Of all Canadian age groups, seniors have the highest rate of suicide and this number is expected to rise even further as baby boomers age. The October online issue of the Canadian Medical Association Journal contains an early release article titled, “Senior Suicide: The tricky task of treatment” which outlines some of the resources available to help health professionals identify and prevent suicide in seniors.
The Geriatric Suicide Ideation Scale aims to help physicians detect suicide risk in adults 65 years and older. Developed by Dr. Marnim Heisel, a scientist with the Lawson Health Research Institute of the London Health Sciences Centre and St. Joseph’s Health Care London, it is also available in an abbreviated version for quick but effective administration by busy physicians.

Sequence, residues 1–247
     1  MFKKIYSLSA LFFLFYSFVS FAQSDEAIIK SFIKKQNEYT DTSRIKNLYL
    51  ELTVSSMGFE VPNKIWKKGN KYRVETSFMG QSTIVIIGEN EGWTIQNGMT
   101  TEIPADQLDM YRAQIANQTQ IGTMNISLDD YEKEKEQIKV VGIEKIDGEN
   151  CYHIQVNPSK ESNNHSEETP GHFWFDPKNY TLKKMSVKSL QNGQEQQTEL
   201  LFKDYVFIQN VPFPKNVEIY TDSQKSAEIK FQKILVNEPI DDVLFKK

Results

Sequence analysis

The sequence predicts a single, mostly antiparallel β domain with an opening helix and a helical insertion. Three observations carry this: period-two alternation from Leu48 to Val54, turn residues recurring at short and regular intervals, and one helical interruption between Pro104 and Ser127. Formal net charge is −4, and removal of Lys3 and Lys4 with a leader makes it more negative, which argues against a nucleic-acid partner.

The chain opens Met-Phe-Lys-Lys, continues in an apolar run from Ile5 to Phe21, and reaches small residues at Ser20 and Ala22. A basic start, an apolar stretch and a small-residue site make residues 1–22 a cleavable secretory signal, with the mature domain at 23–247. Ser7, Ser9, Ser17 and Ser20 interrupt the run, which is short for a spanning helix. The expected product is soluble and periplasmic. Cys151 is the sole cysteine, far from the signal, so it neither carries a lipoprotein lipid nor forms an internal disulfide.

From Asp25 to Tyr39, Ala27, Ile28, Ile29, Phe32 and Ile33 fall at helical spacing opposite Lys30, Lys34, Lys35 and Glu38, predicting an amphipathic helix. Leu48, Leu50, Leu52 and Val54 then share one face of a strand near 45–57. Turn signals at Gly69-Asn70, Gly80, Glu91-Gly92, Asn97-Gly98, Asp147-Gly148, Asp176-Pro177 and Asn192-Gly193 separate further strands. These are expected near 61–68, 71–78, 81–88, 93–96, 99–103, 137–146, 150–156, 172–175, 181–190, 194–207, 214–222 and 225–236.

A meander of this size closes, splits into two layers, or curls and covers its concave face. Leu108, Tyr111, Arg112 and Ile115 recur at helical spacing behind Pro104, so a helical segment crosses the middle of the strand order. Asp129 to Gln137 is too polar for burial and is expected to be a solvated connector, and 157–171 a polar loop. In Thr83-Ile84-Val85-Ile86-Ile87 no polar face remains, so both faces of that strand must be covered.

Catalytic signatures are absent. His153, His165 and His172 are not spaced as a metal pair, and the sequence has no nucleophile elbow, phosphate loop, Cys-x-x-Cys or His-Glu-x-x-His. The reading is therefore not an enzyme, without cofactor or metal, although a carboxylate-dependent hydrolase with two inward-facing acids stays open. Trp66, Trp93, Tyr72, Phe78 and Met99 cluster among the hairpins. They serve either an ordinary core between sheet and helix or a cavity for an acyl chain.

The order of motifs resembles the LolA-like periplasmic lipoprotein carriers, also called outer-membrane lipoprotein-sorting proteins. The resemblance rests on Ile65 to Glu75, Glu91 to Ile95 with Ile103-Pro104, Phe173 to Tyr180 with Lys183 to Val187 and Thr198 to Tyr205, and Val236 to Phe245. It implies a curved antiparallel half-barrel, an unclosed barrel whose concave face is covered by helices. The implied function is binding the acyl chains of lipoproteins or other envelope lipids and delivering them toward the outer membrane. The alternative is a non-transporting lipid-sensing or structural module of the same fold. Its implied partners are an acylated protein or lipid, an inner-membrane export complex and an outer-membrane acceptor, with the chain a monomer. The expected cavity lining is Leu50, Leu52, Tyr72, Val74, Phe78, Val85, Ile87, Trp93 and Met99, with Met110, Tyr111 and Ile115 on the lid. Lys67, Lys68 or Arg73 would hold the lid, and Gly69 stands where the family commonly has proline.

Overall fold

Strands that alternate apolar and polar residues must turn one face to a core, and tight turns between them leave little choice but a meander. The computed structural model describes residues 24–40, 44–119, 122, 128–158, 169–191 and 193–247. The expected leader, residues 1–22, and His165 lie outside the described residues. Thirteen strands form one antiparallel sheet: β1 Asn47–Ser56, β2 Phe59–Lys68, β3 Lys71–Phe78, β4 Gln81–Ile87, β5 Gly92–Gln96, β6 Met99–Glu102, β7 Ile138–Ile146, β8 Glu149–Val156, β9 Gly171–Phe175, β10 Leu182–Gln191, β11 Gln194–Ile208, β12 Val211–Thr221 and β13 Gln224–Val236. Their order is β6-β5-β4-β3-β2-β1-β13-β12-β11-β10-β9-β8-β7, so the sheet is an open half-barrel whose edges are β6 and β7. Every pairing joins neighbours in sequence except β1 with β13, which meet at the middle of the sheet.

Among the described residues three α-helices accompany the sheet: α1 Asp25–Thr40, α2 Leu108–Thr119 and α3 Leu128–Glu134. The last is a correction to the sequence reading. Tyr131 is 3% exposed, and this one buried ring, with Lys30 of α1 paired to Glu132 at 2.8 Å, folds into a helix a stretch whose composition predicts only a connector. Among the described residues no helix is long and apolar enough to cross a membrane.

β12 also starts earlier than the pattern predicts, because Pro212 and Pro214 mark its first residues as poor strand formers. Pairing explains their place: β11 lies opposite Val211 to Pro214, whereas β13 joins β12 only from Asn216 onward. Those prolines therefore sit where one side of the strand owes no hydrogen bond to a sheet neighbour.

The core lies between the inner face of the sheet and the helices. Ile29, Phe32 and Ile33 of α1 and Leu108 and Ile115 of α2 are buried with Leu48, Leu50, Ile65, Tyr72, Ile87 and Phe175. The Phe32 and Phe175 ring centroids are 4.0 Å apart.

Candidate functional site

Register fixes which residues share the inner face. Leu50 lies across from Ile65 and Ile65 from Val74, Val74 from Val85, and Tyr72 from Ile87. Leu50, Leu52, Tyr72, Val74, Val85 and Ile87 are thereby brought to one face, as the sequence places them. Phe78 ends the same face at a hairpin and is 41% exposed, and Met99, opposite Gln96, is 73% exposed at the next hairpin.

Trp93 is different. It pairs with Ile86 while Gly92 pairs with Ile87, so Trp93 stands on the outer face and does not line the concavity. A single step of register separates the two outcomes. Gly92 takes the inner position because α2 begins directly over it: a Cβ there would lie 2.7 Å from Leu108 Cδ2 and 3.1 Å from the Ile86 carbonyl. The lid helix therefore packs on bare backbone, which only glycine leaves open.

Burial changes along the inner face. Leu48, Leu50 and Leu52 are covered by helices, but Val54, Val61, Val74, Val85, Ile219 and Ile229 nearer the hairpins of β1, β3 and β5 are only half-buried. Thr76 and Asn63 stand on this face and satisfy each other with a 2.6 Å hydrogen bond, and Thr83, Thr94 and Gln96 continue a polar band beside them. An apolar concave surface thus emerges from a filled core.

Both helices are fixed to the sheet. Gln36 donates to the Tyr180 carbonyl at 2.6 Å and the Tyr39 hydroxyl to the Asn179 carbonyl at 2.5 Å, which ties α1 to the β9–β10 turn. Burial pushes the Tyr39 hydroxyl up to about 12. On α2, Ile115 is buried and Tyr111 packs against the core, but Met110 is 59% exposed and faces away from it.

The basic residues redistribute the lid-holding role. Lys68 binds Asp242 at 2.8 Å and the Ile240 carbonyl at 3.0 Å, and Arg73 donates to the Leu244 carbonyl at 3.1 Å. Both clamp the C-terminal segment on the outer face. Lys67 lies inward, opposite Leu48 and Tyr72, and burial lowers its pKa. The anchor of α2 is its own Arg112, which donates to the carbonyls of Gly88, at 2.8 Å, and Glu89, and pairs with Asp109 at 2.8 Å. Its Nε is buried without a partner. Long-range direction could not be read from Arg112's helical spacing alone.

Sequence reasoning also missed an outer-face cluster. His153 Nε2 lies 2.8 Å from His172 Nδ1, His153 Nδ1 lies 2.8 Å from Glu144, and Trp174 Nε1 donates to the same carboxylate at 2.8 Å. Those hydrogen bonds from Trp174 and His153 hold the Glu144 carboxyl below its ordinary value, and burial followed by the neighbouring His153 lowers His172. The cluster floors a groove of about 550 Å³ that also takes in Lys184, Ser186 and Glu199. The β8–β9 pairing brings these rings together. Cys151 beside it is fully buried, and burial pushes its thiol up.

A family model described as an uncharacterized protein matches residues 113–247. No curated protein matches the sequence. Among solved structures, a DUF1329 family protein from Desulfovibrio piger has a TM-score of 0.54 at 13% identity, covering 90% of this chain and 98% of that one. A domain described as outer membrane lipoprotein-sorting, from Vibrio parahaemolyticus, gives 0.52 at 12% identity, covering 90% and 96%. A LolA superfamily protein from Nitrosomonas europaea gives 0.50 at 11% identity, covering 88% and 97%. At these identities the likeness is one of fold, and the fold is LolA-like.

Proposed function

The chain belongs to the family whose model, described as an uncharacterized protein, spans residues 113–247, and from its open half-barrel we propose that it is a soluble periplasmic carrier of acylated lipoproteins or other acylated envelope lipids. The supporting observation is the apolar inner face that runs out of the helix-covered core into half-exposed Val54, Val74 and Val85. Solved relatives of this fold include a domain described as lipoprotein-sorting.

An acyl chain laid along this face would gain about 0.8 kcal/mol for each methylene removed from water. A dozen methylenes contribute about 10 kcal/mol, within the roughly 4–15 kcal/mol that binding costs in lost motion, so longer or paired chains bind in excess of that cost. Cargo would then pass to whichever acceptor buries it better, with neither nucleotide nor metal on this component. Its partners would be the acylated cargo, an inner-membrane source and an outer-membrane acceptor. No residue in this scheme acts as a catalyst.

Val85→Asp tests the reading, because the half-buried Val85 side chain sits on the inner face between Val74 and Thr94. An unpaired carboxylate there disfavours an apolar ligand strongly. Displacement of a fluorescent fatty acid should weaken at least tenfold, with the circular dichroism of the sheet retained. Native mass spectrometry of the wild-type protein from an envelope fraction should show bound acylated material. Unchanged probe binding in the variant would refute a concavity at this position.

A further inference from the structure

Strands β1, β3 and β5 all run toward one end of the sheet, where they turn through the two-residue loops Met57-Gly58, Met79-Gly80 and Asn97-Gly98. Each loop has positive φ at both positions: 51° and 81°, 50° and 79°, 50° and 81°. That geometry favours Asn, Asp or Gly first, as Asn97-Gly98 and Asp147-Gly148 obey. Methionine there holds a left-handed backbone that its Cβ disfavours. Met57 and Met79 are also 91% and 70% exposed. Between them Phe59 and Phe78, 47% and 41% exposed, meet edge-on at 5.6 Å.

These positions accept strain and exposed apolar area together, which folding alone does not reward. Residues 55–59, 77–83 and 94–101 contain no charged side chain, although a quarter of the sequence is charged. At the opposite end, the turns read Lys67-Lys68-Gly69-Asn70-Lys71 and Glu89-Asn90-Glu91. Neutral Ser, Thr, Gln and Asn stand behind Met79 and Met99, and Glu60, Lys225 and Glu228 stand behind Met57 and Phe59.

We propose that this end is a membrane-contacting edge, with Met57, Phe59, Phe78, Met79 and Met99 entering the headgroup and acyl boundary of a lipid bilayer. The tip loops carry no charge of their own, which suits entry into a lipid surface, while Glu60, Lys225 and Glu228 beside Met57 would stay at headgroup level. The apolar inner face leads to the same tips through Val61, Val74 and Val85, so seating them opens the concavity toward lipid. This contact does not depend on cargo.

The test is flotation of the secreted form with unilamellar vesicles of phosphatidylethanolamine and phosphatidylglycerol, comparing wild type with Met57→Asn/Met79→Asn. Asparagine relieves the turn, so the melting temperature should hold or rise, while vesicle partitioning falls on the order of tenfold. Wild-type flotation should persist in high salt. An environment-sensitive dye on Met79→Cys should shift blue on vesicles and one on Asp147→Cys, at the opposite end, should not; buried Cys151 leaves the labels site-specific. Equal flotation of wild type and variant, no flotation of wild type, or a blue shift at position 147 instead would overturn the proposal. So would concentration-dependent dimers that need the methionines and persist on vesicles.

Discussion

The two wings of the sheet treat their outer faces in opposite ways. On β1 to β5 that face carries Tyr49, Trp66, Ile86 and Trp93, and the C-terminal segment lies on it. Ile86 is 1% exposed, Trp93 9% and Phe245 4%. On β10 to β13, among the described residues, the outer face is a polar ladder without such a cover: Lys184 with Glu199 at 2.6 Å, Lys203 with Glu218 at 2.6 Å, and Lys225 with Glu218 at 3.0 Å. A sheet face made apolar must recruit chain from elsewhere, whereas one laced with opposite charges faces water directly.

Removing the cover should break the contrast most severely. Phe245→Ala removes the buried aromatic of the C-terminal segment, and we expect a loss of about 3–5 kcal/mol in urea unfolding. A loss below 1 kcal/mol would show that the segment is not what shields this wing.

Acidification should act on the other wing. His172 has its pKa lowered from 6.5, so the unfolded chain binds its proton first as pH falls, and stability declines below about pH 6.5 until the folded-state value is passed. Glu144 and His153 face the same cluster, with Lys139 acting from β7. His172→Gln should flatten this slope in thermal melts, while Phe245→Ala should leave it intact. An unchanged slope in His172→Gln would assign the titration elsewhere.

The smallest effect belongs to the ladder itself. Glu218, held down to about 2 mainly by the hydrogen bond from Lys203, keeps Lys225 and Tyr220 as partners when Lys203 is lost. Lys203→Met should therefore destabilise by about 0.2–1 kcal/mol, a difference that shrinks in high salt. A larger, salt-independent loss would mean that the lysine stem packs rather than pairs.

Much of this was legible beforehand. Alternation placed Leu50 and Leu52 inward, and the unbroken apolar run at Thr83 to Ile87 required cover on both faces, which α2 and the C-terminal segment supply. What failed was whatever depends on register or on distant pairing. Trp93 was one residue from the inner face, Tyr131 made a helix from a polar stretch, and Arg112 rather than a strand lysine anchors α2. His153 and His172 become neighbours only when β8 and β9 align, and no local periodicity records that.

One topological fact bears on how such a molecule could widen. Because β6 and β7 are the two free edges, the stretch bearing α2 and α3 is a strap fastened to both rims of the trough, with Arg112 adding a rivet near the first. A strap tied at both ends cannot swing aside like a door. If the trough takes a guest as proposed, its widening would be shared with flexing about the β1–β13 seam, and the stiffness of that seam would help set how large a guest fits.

Other tools listed in the article include the “National Guidelines for Seniors’ Mental Health: The Assessment of Suicide Risk and Prevention of Suicide” available from the Canadian Coalition for Senior’s Mental Health (CCSMH). The CCSMH also has the “Late Life Suicide Prevention Toolkit: Life Saving Tools for Health Care Providers” which contains an interactive DVD and a pocket-sized guide for suicide risk assessment and management.